Petitioner's motion in limine does not reflect that it was ever brought to the attention of the court nor do we find that any testimony was offered in support of same. A notation on the docket sheet does, however, reflect "defendant's motions in limine overruled." (The record reflects that at least one other motion in limine was filed by petitioner.[5])

This court has held that the fact that the court has granted defendant's motion in limine prior to trial requesting exclusion of evidence generally does not preserve error without objection being made during trial. Whatley v. State, Tex.Cr.App., 488 S.W.2d 422; Brazzell v. State, Tex.Cr.App., 481 S.W.2d 130. In the instant case, unlike the foregoing cited cases, it would appear that petitioner's motion in limine was overruled.

We hold that petitioner's failure to object when the complained of Exhibit No. 3 was offered into evidence constitutes a waiver of the claimed rights.

We find no merit in petitioner's argument that he was prevented from testifying at the guilt stage of the trial as a result of the court overruling his motion in limine. The record does not reflect what petitioner's testimony would have been in the event he had testified.

Petitioner's application for writ of habeas corpus is denied.

Opinion approved by the Court.

NOTES

[1] See Gill v. State, Tex.Cr.App., 479 S.W.2d 289, in which this court affirmed the conviction upon petitioner's direct appeal.

[2] In Gagnon v. Scarpelli, supra, the Supreme Court noted that probationer had been sentenced at the time of trial of the primary offense and held that the body conducting the hearing at revocation should decide in each individual case whether due process requires that an indigent probationer be represented by counsel.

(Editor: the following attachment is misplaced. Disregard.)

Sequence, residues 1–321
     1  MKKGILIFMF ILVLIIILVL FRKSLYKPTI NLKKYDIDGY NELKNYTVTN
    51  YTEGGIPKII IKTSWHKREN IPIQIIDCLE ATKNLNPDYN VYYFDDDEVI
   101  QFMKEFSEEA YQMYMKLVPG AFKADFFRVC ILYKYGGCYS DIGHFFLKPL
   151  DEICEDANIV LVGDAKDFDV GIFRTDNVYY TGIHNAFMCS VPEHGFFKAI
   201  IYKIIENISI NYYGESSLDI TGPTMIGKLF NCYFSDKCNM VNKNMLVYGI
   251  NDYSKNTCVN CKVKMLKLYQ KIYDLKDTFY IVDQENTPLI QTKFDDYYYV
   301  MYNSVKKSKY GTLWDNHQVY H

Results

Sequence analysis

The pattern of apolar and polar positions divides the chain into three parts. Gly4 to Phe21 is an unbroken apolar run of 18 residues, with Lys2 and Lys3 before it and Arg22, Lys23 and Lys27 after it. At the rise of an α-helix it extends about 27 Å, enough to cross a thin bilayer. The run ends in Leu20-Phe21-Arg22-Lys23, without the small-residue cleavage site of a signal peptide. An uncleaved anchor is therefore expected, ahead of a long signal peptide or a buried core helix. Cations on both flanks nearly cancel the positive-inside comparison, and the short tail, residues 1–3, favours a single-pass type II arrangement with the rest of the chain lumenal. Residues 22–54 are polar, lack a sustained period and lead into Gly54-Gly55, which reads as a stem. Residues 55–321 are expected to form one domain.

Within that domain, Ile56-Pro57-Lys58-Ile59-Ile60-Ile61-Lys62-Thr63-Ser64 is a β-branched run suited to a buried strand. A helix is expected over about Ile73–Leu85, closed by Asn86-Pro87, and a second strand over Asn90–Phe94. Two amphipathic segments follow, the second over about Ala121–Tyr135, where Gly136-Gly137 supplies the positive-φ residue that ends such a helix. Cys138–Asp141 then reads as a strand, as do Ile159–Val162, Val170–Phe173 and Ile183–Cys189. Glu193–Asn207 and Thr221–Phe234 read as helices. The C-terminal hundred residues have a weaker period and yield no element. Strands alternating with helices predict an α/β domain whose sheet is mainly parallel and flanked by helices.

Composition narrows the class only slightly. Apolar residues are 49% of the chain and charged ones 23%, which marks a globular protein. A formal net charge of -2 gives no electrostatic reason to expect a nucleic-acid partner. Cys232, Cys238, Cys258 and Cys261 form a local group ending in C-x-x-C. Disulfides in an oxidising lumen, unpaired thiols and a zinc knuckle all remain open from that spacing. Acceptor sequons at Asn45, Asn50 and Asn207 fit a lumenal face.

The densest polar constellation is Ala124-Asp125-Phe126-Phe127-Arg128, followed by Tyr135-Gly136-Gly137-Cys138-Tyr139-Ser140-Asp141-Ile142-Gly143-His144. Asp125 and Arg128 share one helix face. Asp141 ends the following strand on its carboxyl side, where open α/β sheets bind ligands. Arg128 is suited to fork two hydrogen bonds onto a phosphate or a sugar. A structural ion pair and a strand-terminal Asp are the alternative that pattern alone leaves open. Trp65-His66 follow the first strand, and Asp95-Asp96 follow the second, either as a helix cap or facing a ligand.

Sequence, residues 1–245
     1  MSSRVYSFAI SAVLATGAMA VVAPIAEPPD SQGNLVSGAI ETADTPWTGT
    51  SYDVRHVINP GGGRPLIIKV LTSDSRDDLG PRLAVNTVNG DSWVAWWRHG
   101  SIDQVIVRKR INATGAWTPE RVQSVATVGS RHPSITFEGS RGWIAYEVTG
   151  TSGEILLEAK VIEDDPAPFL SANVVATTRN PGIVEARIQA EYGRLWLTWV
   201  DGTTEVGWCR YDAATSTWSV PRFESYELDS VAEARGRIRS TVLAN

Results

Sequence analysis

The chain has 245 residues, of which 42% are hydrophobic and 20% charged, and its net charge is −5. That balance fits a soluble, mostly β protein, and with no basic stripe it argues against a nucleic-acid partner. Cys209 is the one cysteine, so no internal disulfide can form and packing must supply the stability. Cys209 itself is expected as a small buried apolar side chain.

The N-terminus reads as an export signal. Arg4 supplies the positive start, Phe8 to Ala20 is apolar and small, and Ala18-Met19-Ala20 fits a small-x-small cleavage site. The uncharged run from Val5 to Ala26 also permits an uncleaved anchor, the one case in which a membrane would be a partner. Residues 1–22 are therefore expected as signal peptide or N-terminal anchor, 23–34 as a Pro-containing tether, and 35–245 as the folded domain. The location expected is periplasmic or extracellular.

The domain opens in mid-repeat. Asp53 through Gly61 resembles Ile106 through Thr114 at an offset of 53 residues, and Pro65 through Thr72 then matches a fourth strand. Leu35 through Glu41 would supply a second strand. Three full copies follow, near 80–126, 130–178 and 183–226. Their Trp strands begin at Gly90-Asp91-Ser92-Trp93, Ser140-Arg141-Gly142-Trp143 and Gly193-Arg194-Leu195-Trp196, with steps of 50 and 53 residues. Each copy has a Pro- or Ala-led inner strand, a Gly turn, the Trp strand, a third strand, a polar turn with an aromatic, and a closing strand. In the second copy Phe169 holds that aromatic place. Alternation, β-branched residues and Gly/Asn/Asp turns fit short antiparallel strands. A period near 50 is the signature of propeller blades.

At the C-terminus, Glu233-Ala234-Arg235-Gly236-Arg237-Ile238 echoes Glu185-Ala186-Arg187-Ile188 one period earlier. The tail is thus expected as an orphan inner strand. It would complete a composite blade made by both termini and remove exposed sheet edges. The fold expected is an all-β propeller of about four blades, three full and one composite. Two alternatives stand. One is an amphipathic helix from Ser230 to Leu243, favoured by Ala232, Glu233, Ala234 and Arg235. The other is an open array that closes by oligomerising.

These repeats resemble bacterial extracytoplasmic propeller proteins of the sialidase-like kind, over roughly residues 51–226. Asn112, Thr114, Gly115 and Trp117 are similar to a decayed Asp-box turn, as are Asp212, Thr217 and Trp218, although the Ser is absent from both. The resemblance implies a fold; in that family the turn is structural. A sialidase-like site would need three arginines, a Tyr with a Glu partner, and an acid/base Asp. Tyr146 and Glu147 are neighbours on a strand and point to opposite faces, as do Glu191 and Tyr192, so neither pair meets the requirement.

[3] In Ex parte Shivers, supra, this court noted that Article 42.12, Section 3, V.A.C.C.P., provides that where probation is granted the court shall have power "to suspend the imposition of the sentence . . ." and thus, any revocation of probation comes before the imposition of sentence and before the end of the criminal prosecution. In addition, it was noted that Article 42.12, Section 3b, V.A. C.C.P., had been interpreted as requiring the assistance of counsel for an indigent probationer at a revocation hearing.

[4] The docket sheet reflects that the State withdrew enhancement portion of indictment which alleged the conviction, probation and revocation in Cause No. 10980. The record does not reflect that any hearing was held on the motion to quash.

[5] On direct appeal, petitioner contended that the trial court erred in refusing to grant his motion in limine. Gill v. State, supra. This court rejected the contention, noting that no showing of indigency was made and held that for one to secure a favorable ruling under Burgett v. Texas, supra, it is necessary that a showing of indigency be made.